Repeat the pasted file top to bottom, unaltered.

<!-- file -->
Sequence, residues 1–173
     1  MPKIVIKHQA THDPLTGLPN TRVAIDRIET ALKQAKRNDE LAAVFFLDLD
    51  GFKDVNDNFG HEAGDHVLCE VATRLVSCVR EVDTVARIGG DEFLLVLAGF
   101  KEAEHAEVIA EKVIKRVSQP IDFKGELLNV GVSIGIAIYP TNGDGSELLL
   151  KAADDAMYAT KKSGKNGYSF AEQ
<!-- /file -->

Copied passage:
Sequence, residues 1–173
     1  MPKIVIKHQA THDPLTGLPN TRVAIDRIET ALKQAKRNDE LAAVFFLDLD
    51  GFKDVNDNFG HEAGDHVLCE VATRLVSCVR EVDTVARIGG DEFLLVLAGF
   101  KEAEHAEVIA EKVIKRVSQP IDFKGELLNV GVSIGIAIYP TNGDGSELLL
   151  KAADDAMYAT KKSGKNGYSF AEQ